© The Financial Times Ltd 2016
FT and 'Financial Times' are trademarks of The Financial Times Ltd.
The Financial Times and its journalism are subject to a self-regulation regime under the FT Editorial Code of Practice.
Last updated: January 8, 2014 6:23 pm
Following the format of the past two years, the Park Lane Group Young Artists New Year Series is spotlighting five contemporary composers this week, beginning with George Benjamin. The programme he curated on Monday made sense on two levels. First, it made a more compact package than some of the others on offer in the series, comprising six works in total, with only one composed by Benjamin himself. Second, it played to the strengths of the young performers on the platform: the Jubilee Quartet and the pianist Leanne Cody.
The last item in the concert, however, was a surprising choice. This was Schumann’s Piano Quintet in E flat, Op 44, which, after a menu of entirely new and recent works, went down like sushi in an Italian restaurant: refreshing, but out of place. Nevertheless, it highlighted the players’ sense of refinement, a recurring feature in this programme.
There was oodles of it in Edward Nesbit’s impressionistic Night Dances for String Quartet, a UK premiere and a delicately perfumed work that superimposes four dances on to one another before fading, ever so gracefully, from the memory. And the world premiere, Blai Soler’s fragmentary Imaginings – Six Pieces for String Quartet, relied on the musicians’ considerable versatility. Sudden changes of mood and direction constitute some of this work’s main challenges. The Jubilee Quartet handled them deftly, but seemed reluctant really to get stuck in.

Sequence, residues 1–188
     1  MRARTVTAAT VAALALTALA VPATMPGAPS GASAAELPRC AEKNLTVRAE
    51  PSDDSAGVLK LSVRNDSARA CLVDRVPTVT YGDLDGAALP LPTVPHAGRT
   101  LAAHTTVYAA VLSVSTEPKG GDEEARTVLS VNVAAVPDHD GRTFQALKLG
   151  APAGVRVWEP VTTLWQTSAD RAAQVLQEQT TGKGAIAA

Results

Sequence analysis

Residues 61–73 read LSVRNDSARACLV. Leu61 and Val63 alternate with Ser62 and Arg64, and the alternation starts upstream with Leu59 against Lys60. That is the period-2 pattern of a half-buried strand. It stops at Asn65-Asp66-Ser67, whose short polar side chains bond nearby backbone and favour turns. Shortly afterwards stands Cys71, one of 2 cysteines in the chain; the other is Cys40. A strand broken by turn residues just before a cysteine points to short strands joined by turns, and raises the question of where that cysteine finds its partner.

The highlight, however, was the performance from Cody, who first proved herself in Benjamin’s six tautly structured, colourful preludes, Shadowlines for Solo Piano, dedicated to the pianist Pierre-Laurent Aimard. Cody hammered, caressed, poked and coaxed the keys to achieve the exact shade she was after, before going on to dispatch Ligeti’s ferociously virtuosic Etude No 10, Der Zauberlehrling, as if it were child’s play. Best of all was her handling of Joe Cutler’s On the Edge, a solo piece that sounds like Messiaen’s Turangalîla might have done had it been written by an American jazz pianist. In Cody’s hands this quirky cocktail of haunting bell-like sonorities, thumping jazz and even some elements of birdsong sounded mesmerising.
Copyright The Financial Times Limited 2016. You may share using our article tools.
Please don't cut articles from FT.com and redistribute by email or post to the web.